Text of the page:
JOURNAL ARTICLE
RANDOMIZED CONTROLLED TRIAL
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Nonsurgical management of hallux valgus: findings of a randomised pilot and feasibility trial.

BACKGROUND: Hallux valgus is a common and disabling condition. This randomised pilot and feasibility trial aimed to determine the feasibility of conducting a parallel group randomised trial to evaluate the effectiveness of a nonsurgical intervention for reducing pain associated with hallux valgus.

METHODS: Twenty-eight community-dwelling women with painful hallux valgus were randomised to receive either a multifaceted, nonsurgical intervention (footwear, foot orthoses, foot exercises, advice, and self-management) or usual care (advice and self-management alone). Outcome measures were obtained at baseline, 4, 8 and 12 weeks. The primary outcome was feasibility, evaluated according to demand (recruitment rate and conversion rate), acceptability, adherence, adverse events, and retention rate. Limited efficacy testing was conducted on secondary outcome measures including foot pain, foot muscle strength, general health-related quality of life, use of cointerventions, and participants' perception of overall treatment effect.

RESULTS: Between July 8, 2021, and April 22, 2022, we recruited and tested 28 participants (aged 44 to 80 years, mean 60.7, standard deviation 10.7). This period encompassed two COVID-related stay-at-home orders (July 16 to July 27, and August 5 to October 21, 2021). The predetermined feasibility thresholds were met for retention rate, foot pain, mental health-related quality of life, and use of cointerventions, partly met for acceptability, adverse events, and muscle strength, and not met for demand (recruitment rate or conversion rate), adherence, physical health-related quality of life and perception of overall treatment effect.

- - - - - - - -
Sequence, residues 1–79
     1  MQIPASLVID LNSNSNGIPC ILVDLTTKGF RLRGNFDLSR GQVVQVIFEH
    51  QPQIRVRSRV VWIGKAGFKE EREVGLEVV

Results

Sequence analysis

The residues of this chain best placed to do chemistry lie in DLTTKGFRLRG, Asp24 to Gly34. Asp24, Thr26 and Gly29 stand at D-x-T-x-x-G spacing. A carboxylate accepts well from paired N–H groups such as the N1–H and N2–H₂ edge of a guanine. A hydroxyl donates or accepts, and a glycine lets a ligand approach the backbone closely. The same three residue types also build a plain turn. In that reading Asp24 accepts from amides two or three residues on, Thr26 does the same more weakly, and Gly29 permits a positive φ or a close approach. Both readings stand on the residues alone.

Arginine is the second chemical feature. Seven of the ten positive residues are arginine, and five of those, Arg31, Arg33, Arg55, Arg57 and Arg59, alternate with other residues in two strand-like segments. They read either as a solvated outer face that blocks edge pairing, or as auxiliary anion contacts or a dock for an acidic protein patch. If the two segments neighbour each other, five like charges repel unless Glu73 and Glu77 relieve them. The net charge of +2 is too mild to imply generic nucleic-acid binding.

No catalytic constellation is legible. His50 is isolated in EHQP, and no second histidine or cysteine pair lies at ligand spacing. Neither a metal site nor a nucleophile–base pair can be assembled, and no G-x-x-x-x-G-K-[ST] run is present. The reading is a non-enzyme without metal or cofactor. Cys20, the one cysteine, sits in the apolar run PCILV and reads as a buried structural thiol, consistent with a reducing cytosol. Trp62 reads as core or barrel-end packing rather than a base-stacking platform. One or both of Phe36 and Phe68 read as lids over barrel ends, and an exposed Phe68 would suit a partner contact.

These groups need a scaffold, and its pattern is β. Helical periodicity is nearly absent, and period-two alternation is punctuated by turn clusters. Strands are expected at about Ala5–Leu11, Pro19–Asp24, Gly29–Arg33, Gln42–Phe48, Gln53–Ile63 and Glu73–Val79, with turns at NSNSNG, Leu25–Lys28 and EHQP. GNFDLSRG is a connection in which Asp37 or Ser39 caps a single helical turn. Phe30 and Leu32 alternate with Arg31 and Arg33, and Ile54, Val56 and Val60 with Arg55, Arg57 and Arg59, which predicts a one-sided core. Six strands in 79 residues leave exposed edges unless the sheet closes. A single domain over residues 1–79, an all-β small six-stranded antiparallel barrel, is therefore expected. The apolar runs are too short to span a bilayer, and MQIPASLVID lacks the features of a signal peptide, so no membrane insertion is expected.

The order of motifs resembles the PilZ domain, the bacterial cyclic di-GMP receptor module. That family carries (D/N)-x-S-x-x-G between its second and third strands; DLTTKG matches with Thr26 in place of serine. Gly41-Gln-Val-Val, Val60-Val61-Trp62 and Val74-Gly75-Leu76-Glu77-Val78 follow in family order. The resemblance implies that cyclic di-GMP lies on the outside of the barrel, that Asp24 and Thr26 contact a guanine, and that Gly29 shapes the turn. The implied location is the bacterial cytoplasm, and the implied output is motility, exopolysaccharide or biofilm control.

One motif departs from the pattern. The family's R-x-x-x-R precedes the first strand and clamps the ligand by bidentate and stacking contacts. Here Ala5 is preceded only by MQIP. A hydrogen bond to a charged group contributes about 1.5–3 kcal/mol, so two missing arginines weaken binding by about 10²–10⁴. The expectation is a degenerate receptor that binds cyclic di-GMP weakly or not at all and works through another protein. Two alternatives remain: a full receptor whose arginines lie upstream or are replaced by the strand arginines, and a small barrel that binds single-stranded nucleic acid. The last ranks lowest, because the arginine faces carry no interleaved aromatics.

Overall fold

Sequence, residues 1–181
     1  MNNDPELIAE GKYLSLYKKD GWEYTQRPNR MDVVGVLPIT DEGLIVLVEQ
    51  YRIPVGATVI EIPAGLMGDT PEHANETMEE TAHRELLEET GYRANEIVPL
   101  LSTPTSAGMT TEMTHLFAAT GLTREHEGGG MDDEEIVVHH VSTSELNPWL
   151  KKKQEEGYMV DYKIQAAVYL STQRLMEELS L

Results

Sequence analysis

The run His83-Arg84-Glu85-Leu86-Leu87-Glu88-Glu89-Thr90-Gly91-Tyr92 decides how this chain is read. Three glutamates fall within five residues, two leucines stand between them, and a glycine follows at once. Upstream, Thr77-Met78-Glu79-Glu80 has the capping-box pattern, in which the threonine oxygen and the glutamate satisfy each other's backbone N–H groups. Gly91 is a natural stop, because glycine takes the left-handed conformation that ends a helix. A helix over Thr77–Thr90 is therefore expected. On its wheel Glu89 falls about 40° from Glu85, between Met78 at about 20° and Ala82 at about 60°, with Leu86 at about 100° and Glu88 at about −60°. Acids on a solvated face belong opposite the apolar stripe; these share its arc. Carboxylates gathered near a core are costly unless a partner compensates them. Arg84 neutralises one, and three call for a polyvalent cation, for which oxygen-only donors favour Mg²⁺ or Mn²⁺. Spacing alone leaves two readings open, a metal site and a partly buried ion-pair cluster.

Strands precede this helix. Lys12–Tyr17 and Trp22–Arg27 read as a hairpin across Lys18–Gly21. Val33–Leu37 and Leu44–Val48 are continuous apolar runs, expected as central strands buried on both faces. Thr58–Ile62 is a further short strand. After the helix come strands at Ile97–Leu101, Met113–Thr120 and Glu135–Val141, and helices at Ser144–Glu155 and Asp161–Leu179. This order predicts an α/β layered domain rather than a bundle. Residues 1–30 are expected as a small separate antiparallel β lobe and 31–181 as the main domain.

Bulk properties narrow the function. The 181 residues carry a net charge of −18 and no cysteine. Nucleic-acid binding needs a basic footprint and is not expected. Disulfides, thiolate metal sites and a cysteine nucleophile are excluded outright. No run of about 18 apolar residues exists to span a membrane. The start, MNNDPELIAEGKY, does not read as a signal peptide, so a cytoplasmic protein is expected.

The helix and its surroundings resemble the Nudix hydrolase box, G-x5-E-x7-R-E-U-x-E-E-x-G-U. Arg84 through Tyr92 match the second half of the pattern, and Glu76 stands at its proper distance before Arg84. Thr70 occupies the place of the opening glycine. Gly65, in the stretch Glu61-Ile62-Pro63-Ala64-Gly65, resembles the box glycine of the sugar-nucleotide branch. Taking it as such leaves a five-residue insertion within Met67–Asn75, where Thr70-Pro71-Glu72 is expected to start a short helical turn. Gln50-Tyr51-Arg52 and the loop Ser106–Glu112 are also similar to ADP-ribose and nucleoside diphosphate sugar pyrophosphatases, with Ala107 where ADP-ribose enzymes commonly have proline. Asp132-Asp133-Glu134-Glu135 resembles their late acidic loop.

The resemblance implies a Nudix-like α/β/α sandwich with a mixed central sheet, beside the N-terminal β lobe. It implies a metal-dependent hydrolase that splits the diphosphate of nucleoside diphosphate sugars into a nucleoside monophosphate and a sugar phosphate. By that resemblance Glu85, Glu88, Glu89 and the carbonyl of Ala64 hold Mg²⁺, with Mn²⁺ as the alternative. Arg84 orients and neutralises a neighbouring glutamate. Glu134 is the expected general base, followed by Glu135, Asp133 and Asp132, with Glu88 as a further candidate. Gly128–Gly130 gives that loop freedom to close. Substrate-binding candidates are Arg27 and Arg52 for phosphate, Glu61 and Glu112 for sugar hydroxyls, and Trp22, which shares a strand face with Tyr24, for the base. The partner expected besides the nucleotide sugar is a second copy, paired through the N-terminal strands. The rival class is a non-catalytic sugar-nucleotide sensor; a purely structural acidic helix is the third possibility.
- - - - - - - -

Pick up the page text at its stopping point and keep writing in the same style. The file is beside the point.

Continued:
CONCLUSION: In its current form, a randomised trial of footwear, foot orthoses, foot exercises, advice and self-management for relieving pain associated with hallux valgus is not feasible, particularly due to the low adherence with the intervention. However, it is difficult to determine whether the trial would be feasible under different circumstances, particularly due to COVID-19 stay-at-home orders. Future trials will need to consider improving the aesthetics of the footwear and making the exercise program less burdensome.

TRIAL REGISTRATION: Australian and New Zealand Clinical Trial Registry (ACTRN12621000645853).

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